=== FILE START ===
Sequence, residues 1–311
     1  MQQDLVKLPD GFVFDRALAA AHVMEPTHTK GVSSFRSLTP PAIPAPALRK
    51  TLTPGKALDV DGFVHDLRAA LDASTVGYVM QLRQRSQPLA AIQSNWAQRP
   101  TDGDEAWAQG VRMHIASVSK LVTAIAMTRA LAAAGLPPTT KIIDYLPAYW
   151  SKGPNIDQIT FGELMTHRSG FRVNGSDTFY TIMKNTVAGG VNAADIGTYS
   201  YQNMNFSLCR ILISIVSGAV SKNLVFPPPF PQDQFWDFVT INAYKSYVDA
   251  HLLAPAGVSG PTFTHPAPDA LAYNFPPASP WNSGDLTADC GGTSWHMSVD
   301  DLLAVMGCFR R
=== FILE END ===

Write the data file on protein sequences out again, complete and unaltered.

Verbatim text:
Sequence, residues 1–311
     1  MQQDLVKLPD GFVFDRALAA AHVMEPTHTK GVSSFRSLTP PAIPAPALRK
    51  TLTPGKALDV DGFVHDLRAA LDASTVGYVM QLRQRSQPLA AIQSNWAQRP
   101  TDGDEAWAQG VRMHIASVSK LVTAIAMTRA LAAAGLPPTT KIIDYLPAYW
   151  SKGPNIDQIT FGELMTHRSG FRVNGSDTFY TIMKNTVAGG VNAADIGTYS
   201  YQNMNFSLCR ILISIVSGAV SKNLVFPPPF PQDQFWDFVT INAYKSYVDA
   251  HLLAPAGVSG PTFTHPAPDA LAYNFPPASP WNSGDLTADC GGTSWHMSVD
   301  DLLAVMGCFR R